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    This means that you have set up your project to be a Windows project, not a console project. It has nothing to do with your code, per se. A Windows project expects to find a WinMain rather than a main.

    You can mess around with your compiler settings and eventually succeed in changing this, but your quickest way out is to start a new project, making sure it's a Console project. That would be Win32, Win32 Console Application, under the File/New/Project menu. Then, when you get to Application Settings, select Console Application, deselect "Precompiled Headers" and select "Empty Project".

    After that's done, go to Project/Add/Add New Item/, Select Code and .cpp file. Copy your "main.cpp" file into that new file. Do the same for "header.cpp". Then do the same for "header.h", except choose Code and header (.h) file.

    Compile and run your app.

    Incidentally, choosing to use the names "main" and "header" is a rather sucky thing to do. Main is a generic function used for launching a C/C++ application, and header files are thick on the ground. Use something descriptive of the file's contents.
     
  6. Lief Webster

    Lief Webster New Member

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    Alright I finally fixed and compiled it, but now when I try to run it, it displays three 0s instead of the numbers it's supposed to. It should be taking x * x (or 5*5) and display 25, but it comes up as 0 for all three functions.

    (Yes, I know it's quite a sucky thing to do, naming my files like that. Sorry if it upset you. :) )

    How can I get it to show the numbers it's supposed to be showing?
     
  7. shabbir

    shabbir Administrator Staff Member

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    You are outputting a variable which you are not assigning. You are assigning it to the local variable inside the function and not to the Global One which you are printing in the main.
     
  8. Lief Webster

    Lief Webster New Member

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    Alright, since I tried to fix it and failed miserably, could you explain the scope of variables when including multiple files? Am I allowed to access, for example, the int z from Main.cpp to use in a function in Header.cpp? Am I able to pass variable through multiple files using functions?
     
  9. shabbir

    shabbir Administrator Staff Member

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    Its does not depend on multiple files and its just a matter of knowing what is the scope of a variable.

    Try running this program
    Code:
    #include <iostream>
    using namespace std;
    
    int iTemp = 10;
    
    FuncLocal()
    {
        int iTemp; // Declare the variable once again
        iTemp = 100;
    }
    FuncGlobal()
    {
        iTemp = 1000;
    }
    
    int main()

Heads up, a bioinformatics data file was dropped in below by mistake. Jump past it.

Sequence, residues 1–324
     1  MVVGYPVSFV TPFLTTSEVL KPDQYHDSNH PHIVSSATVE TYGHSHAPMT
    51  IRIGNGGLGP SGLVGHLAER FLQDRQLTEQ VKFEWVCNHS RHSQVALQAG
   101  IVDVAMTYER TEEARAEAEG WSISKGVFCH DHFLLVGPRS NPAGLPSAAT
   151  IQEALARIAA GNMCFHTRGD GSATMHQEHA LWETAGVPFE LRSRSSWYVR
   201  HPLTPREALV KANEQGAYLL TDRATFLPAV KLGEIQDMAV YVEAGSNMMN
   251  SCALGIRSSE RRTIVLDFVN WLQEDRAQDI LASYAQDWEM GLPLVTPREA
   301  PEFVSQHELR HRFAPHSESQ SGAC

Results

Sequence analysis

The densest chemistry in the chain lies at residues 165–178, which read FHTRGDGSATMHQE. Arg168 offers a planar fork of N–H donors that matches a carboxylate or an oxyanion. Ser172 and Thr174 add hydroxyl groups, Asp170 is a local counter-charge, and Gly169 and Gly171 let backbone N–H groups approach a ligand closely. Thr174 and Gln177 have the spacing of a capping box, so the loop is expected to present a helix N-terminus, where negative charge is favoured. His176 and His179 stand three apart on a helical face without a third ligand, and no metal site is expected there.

{
        cout << iTemp<<endl;
        FuncLocal();
        cout << iTemp<<endl;
        FuncGlobal();
        cout << iTemp<<endl;
        return 0;
    }
    
    
    What should be the output of the program?
     
  10. Lief Webster

    Lief Webster New Member

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    Well, I suppose it would output something like this:

    Code:
    10
    100
    1000
    When I tried to run it, I got errors because the functions have no type, so I asigned them both to ints.

    Ah.

    Code:
    10
    10
    1000
    I thought there might be some trick to this. I suppose the reason is that int iTemp is only defined as 100 in that function and when returning to main it resorts back to the global definition. Right?
     
  11. shabbir

    shabbir Administrator Staff Member

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    The error was because I never compiled the program. I just wrote in the Quick Reply pad and it looks like you got the point I was trying to explain which is the case with you also.
     
  12. Lief Webster

    Lief Webster New Member

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    But how can I declare the doubles x, y, and z so that they can be used in all the seperate files? When I include them in either header.cpp or header.h I'm not able to use them in main again, and when I include them in main, it says they're undefined in the other two files. If I were to include them all in each file, it creates an error having to do with multiple definitions of x, y, and z.
     
  13. shabbir

    shabbir Administrator Staff Member

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    You can have them as global and assign them but you should not redeclare them in the function once again or else you will have the problem of the variable get assigned to the local one. Try seeing my both the function FuncLocal and FuncGlobal where I don't have variables declared in one of them and the behavior is as expected.
     
  14. Lief Webster

    Lief Webster New Member

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    So do I need to do anything different to use global variables over different files?
     
  15. shabbir

    shabbir Administrator Staff Member

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    You should not declare the variables once again in the function like SquareArea
     
  16. dharmaraj.guru

    dharmaraj.guru New Member

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    Hi,

    You can use extern keyword for it. If you have already declared some global variable in a .cpp file and want to access the same in another cpp file, better go for extern declarations. In the file where you want to access that variable, add the following statement.

    You have declared a global variable in Header.CPP
    Code:
     
    // Header.CPP
    int global_int;
    
    // your code...
    
    Add extern declarations in Other CPP files whereever you want to access.
    Code:
    // Main.CPP
    extern int global_int;
    
    ||| Dharma |||